With the arrival of the New Year, I’ve been thinking about core practices, central attitudes, and the tao of baby steps. In honor of that, I’m bringing you a series on foundational practices called First Things. Happy New Year.
I’ve never heard a sermon on baby steps. Jesus doesn’t mention the phrase; neither does Paul. I searched Eugene Peterson’s “The Message” for “baby steps”. No dice. In fact, if I’m realistic, the genre most associated with baby steps is more self-help than faith.
Can I be honest? That has been giving me pause. I’d hope Jesus is influencing my life more than pop culture. I’m fine with learning from contemporary, secular sources, but Jesus should probably be my lodestone.
I didn’t start taking baby steps in my faith on purpose. I was more interested in transforming how I thought about creativity and parenting. But taking baby steps transformed my faith most dramatically. By far.
This surprised me.
So it makes me wonder, again: are baby steps Biblical? Is there something spiritual in taking little steps forward? Because if taking baby steps spins my faith around 360 degrees, I suspect the answer is yes.
And once I started looking, I realized even if you don’t find the words “baby steps” next to each other in the book of Luke, the idea of small things being used for great purpose is central to the way of Jesus.
So I’m pleased to bring you six themes in the Bible that lead me to a little yes.
- A tiny amount is incredibly important. The mustard seed blooms into a giant garden plant, the yeast works its subversive power throughout the dough. The widow’s mite is an offering beyond that of princes.
- The weak are made strong. Blessed are the meek. Become like a little child, a slave, a piece of clay. God’s power is made perfect in our weakness. And Jesus is born a helpless baby in a backwater town.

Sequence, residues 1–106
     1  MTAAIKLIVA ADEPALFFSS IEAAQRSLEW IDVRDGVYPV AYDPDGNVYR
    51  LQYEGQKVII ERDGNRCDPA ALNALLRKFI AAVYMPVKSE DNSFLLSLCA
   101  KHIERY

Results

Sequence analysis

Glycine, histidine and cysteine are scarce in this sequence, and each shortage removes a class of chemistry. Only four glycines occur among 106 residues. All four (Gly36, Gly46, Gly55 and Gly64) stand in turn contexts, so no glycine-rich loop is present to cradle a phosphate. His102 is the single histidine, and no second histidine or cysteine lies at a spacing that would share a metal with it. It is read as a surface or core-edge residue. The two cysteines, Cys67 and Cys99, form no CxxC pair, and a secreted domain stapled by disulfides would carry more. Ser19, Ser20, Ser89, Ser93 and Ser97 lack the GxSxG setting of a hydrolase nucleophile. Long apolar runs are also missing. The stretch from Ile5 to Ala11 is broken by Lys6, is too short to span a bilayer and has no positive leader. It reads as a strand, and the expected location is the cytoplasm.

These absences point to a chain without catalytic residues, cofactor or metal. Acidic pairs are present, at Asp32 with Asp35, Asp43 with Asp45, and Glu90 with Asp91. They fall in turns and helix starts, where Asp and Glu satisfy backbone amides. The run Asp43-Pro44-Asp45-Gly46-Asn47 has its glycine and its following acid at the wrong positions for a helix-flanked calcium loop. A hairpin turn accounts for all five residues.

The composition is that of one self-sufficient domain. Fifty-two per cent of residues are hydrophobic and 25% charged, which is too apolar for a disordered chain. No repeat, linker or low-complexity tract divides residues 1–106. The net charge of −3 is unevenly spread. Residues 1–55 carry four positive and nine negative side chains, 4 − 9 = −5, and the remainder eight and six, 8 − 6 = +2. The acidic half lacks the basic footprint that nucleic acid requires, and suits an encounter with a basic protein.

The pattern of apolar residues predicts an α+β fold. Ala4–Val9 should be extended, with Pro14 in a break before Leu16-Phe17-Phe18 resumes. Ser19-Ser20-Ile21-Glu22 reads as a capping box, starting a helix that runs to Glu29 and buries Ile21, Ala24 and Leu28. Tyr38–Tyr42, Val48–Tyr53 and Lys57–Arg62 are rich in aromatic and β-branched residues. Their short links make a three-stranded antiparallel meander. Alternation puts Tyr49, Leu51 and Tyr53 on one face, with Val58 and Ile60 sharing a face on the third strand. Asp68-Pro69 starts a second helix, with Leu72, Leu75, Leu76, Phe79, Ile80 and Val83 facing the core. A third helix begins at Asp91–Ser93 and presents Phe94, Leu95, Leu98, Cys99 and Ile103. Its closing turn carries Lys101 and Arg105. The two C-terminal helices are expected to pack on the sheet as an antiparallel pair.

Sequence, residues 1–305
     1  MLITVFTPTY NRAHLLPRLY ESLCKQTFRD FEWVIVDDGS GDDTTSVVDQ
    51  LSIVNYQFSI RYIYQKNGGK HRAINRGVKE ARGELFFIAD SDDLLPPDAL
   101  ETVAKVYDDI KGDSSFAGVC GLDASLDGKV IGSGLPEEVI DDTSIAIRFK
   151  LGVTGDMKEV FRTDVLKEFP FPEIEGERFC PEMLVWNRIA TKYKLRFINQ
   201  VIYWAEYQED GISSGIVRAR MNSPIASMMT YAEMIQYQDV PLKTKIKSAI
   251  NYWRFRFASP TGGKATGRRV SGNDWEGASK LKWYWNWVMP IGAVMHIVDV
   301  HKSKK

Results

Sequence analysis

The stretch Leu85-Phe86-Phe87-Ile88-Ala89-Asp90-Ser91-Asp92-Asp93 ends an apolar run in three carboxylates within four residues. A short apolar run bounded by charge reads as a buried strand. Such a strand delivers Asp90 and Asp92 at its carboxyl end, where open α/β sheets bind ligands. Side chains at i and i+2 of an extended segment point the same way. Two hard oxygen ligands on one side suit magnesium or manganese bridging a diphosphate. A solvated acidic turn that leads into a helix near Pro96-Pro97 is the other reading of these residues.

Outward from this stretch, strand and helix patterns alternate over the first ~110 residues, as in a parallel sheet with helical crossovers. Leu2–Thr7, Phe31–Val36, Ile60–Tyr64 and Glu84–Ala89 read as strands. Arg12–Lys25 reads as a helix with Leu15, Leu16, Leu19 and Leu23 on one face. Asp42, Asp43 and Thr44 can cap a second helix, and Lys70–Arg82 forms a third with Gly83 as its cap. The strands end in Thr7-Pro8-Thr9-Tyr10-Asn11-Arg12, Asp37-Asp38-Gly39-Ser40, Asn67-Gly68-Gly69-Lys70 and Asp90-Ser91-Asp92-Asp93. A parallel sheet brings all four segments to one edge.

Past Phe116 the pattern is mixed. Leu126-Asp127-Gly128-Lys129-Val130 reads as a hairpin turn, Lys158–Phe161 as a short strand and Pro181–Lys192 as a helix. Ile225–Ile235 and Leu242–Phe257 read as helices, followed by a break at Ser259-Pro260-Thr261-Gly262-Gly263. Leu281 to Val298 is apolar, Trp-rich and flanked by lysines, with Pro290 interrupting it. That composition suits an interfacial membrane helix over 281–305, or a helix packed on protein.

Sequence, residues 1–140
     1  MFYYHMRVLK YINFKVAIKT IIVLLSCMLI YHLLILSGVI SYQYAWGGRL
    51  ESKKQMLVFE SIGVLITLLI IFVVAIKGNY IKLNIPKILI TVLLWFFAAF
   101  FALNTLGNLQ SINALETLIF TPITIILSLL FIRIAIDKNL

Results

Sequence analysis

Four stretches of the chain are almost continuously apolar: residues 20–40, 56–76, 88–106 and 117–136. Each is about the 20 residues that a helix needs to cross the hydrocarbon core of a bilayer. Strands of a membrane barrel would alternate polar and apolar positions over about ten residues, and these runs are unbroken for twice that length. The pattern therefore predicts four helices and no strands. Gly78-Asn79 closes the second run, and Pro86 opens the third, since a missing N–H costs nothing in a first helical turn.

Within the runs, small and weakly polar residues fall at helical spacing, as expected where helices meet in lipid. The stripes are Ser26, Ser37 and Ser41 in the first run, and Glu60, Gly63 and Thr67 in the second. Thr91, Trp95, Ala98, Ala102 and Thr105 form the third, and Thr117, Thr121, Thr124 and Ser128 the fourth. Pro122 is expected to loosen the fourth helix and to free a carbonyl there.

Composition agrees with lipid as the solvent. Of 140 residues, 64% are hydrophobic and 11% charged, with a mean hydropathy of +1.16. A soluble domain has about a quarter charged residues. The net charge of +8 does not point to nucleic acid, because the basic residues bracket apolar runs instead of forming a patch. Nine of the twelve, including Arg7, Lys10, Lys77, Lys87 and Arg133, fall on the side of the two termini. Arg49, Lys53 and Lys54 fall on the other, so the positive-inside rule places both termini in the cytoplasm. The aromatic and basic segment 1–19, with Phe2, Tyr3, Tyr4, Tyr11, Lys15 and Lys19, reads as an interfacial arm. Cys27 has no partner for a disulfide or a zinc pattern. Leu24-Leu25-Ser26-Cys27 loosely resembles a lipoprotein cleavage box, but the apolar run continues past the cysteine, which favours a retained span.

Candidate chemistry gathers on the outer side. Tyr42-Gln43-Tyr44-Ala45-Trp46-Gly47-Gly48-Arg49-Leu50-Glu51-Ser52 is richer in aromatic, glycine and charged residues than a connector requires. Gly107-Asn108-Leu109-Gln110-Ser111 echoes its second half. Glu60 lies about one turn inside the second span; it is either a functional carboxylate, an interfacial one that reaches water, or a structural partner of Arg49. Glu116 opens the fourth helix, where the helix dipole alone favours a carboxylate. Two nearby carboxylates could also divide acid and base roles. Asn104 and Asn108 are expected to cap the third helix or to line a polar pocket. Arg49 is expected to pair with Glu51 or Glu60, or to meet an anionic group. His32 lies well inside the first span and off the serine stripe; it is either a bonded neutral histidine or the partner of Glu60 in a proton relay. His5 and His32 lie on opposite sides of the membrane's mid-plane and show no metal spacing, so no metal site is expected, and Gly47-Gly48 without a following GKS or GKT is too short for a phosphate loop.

- God encourages a small offering instead of a grand gesture. The manna falls each day and cannot be stored up. We ask for our daily bread. We offer the merest drink of water to someone thirsty to do the work of God.
- We are to be instead of do. Jesus speaks of an easy yoke. We are told to abide in him, like a branch grafted into a vine. We are filled with the Holy Spirit–who gives us the words we need, and even prays when we’re incapable.
- We matter, however humble we are. The one lost coin is found, the one lost sheep is sought after. The father flings open the door for his wayward son and prepares a fatted calf.
- Our resources aren’t enough, yet God invites us to offer them anyway. Jesus feeds the multitude with the lunch scraps of a little boy. He anoints bumbling, egocentric disciples to feed his sheep. God uses stuttering Moses, diminutive, sinful David, and Deborah, the improbable warrior to lead his people.
I think what’s powerful about baby steps is that they remind us to be humble. Each baby step forces me to be honest with myself about how feeble my own efforts are. They help me be realistic about how hard it is to persevere, be brave, and be intentional.
But most importantly, thinking about my life as a series of baby steps makes me remember that the Person doing the real work isn’t me. Over and over, the merest intention is transformed into something astonishingly beyond me. Being obedient to a call in the smallest of ways is enough to marshall the infinite resources of God.
Living my life one little yes at a time opens my eyes to the Lord’s amazing, munificent grace.
This New Year, I’m encouraged to know that I serve a God who works through real, broken, and weak people. He does the unthinkable: he invites us to join him, no matter where we are. He is ready to take whatever poor offering we bring, and use it to his glory.
Want to say a little yes to joyful faith today? Check out my e-book, Dancing Back to Jesus: Post-perfectionist faith in five easy verbs. It’s free for subscribers.
Image credit: sandover